In 1979, James Dallas Egbert III attempted to commit suicide in the steam tunnels under Michigan State University. The media, incorrectly, decided that this had something to do with his interest in Dungeons and Dragons. In 1981, Rona Jaffe published a fictionalized version of the misreporting, Mazes and Monsters, later adapted into a TV movie starring a young Tom Hanks as a college student who suffers a psychotic break while live-action-role-playing in the steam tunnels under his college (Neither the book nor the movie asserts that the game caused the break, but both imply that his interest in the game was symptomatic of the underlying pathology). In 1982, Patricia Pulling founded the group “Bothered About Dungeons and Dragons” after she decided, for no clear reason that her son had committed suicide due to a D&D curse on his player character. In 1984, Jack Chick’s tract, Dark Dungeons asserted that D&D was a satanist recruiting tool (But then, Jack Chick thought that about freemasonry, communion wafers, rock and roll, the NIV, and women wearing pants). And in 1988, Chris Pritchard and a group of friends conspired to murder his stepfather to inherit the family fortune. Since Pritchard and his friends were D&D players and admitted to mapping their college’s steam tunnels (Am I the only person who went to a college without a network of underground steam tunnels?) for the game, the media decided that must have been the catalyst, directly blaming the game in both of the 1992 TV movies about the crime.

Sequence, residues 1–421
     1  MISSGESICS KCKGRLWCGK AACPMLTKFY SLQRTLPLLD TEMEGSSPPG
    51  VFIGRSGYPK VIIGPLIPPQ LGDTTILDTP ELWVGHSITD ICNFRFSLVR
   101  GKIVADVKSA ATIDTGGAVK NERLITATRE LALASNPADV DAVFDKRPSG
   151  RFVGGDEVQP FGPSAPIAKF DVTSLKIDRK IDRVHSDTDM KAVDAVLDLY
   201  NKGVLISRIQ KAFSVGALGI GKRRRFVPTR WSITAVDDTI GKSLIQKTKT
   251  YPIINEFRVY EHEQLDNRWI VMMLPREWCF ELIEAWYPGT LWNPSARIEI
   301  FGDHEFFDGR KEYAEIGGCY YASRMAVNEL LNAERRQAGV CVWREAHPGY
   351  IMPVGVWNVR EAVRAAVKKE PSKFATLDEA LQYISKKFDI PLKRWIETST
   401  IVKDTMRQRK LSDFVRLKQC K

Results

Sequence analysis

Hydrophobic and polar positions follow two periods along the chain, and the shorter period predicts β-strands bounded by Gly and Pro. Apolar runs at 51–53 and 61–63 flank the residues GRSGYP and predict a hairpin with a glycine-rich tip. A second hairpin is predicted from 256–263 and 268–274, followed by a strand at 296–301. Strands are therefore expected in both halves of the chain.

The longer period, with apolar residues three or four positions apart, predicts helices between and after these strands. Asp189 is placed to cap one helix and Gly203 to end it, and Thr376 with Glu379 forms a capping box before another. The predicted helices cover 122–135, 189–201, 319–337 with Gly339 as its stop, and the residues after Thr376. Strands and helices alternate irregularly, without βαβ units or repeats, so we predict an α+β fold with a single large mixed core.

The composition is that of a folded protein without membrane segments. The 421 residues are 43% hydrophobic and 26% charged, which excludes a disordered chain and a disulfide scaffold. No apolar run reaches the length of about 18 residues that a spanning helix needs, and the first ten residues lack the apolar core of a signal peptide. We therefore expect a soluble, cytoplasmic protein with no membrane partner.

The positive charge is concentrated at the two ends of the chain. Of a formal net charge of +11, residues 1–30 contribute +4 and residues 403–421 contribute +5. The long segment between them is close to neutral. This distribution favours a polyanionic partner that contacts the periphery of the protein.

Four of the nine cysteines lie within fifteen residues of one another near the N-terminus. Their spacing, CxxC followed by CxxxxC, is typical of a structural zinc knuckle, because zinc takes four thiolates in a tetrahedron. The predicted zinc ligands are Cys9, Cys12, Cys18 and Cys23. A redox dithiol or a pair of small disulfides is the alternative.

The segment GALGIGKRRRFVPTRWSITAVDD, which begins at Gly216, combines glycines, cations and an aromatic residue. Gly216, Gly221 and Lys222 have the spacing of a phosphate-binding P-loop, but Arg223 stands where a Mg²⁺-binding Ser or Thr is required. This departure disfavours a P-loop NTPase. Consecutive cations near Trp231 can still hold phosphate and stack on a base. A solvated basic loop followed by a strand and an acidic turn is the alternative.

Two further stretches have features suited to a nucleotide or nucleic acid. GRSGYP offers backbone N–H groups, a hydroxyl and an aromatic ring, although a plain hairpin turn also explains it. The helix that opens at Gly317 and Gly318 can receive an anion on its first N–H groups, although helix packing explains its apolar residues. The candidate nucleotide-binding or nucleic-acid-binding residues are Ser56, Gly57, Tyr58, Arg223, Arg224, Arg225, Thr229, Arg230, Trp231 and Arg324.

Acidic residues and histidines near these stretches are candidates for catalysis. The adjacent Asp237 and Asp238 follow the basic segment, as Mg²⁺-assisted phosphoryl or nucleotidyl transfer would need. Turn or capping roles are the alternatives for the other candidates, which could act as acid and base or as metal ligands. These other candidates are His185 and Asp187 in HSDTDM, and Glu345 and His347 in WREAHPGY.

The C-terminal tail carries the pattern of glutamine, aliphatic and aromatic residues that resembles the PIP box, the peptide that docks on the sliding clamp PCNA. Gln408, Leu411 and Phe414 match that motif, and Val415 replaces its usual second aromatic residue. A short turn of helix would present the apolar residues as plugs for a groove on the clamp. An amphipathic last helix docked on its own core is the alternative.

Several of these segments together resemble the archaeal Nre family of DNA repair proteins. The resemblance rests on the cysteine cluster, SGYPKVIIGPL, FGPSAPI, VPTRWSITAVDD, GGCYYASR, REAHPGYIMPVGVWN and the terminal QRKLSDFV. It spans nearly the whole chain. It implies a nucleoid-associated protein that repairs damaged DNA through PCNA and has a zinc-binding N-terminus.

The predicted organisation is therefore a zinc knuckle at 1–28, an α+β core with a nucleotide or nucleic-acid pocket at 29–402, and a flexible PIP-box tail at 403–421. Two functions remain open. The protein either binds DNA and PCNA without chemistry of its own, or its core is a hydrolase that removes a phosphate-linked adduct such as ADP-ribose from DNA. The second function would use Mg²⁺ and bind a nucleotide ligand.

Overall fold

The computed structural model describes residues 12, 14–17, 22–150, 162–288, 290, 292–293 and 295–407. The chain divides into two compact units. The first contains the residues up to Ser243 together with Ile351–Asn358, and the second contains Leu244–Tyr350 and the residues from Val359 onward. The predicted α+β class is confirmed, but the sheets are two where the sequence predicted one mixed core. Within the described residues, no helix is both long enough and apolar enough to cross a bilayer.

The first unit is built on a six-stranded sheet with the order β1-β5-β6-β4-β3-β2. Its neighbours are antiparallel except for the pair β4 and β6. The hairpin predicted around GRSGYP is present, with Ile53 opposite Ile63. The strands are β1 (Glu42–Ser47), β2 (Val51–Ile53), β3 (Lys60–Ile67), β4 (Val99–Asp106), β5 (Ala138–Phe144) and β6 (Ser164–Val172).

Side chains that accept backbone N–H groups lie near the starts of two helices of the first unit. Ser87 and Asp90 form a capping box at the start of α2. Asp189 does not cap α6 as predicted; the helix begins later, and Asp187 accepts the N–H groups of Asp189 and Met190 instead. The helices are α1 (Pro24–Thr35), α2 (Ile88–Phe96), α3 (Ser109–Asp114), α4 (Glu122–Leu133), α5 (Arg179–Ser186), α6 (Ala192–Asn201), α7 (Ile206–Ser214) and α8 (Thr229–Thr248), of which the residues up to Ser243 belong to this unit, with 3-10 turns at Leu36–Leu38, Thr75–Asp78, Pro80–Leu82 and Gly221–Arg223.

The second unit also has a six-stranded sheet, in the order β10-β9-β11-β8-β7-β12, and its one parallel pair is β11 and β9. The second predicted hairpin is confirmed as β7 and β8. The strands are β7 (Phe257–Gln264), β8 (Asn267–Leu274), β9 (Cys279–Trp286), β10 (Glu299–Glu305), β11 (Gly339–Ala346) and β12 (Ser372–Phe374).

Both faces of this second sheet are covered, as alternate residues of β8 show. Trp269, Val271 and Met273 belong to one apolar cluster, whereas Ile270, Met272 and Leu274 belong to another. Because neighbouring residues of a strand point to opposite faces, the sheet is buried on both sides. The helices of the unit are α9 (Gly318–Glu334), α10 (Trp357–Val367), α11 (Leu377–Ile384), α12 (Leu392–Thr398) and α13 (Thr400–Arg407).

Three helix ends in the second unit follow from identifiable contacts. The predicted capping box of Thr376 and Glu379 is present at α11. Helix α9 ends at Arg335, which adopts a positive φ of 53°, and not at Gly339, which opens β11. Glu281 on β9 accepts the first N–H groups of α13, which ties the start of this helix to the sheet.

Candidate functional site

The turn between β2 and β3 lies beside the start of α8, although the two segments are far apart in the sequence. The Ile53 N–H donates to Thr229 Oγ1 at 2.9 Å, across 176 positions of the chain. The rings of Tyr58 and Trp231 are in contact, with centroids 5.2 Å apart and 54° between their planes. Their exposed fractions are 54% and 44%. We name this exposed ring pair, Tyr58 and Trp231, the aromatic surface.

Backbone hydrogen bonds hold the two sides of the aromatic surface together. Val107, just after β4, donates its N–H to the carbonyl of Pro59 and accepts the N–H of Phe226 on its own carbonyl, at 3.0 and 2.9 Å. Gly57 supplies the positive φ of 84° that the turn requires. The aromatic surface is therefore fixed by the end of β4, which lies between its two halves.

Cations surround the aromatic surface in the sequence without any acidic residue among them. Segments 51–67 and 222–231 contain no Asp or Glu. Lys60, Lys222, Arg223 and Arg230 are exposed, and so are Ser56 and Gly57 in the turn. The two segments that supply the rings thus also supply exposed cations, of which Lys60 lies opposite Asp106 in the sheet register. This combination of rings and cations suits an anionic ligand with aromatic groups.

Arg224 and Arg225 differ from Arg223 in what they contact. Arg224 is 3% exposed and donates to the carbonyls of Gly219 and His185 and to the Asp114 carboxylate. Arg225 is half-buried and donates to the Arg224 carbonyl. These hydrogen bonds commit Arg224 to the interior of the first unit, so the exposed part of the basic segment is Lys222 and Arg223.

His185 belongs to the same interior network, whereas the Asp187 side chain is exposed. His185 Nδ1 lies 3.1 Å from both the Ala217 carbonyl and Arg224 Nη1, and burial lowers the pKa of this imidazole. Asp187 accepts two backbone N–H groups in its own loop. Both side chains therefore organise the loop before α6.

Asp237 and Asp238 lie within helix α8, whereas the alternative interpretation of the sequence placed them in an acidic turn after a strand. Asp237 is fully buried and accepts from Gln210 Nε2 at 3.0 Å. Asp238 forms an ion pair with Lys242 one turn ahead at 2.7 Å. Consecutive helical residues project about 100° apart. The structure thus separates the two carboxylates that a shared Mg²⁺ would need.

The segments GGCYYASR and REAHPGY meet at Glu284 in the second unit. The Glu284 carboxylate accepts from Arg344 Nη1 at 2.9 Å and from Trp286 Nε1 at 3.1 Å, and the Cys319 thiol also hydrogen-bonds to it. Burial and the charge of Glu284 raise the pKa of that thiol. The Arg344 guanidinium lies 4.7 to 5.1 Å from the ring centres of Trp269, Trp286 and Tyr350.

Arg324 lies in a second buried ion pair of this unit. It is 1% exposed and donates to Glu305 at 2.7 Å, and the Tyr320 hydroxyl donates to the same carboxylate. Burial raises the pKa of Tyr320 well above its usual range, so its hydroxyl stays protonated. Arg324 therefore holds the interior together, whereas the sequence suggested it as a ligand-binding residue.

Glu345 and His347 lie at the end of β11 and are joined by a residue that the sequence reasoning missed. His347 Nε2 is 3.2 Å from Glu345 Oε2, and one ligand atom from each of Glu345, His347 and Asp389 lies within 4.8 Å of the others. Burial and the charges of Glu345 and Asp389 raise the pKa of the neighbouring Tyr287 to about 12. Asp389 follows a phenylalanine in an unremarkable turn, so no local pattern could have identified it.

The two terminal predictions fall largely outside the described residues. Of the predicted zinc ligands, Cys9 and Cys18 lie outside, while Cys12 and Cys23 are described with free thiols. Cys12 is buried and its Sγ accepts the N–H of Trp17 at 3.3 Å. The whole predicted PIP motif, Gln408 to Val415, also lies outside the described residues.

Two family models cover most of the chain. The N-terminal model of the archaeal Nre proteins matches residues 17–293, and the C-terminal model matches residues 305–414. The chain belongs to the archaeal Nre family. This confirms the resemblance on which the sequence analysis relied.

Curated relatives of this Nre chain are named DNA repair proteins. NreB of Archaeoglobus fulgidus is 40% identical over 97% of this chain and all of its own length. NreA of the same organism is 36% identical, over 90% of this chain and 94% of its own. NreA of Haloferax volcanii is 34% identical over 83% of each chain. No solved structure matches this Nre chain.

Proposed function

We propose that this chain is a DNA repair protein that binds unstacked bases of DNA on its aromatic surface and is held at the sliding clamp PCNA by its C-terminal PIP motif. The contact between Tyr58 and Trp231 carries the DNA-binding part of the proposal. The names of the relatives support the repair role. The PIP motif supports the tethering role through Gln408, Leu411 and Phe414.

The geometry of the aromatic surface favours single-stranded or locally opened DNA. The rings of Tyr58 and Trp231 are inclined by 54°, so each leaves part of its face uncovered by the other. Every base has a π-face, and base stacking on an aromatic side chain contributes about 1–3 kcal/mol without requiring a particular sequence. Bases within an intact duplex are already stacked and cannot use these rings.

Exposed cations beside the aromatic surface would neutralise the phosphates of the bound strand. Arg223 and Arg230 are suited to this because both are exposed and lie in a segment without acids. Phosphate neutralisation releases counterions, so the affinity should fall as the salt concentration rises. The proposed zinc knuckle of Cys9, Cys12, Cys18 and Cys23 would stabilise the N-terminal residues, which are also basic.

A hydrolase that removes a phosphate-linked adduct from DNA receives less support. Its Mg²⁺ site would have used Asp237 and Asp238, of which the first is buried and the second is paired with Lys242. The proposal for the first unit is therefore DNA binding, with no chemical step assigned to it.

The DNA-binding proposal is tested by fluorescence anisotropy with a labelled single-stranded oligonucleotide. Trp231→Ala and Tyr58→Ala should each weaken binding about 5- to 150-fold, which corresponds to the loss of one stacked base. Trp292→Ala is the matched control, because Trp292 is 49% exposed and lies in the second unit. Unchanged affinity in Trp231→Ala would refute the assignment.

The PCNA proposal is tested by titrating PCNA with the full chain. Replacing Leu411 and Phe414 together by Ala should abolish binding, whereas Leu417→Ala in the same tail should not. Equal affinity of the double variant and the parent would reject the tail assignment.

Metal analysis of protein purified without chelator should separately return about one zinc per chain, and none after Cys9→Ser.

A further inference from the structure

War of the WorldsGoing out on a limb here, I’m going to guess it’s that story that put the writers in mind to do an episode whose plot revolves around LARPing in the steam tunnels under a major university. What we have this week, in part at least, is essentially War of the Worlds crashing into Mazes and Monsters.

The advocacy has dispatched a pod of alien soldiers to the then-fictional “Ohio Polytechnical University” (In an odd coincidence, the University of Akron recently adopted the phrase as part of their branding) to steal the “Y-fever”, an experimental bioweapon they plan to use to make North America “look as pleasing” as the documentary they’re watching about the Bhopal disaster. For some reason, the alien unit goes under cover dressed as Blues Brothers (their incidental music even includes a jazzy harmonica riff). For some reason, this works, as they show up at what I assume is a Blues Brothers theme party.

War of the Worlds: Jill Hennessey

Alpha, I need you to recruit a team of five teenagers with “Attitude”

Why they go to this party is a mystery, since they’re under orders to stick to the steam tunnels under the campus in order to remain covert. Like I’ve said before, there’s a lot of evidence that the aliens… Are not all that smart. The plan here is something like, “This is a sneaking mission, so dress up in fancy dress. If by some chance the fancy dress lets you blend in, make yourselves look extra suspicious by wandering around restricted but easily-accessible steam tunnels.”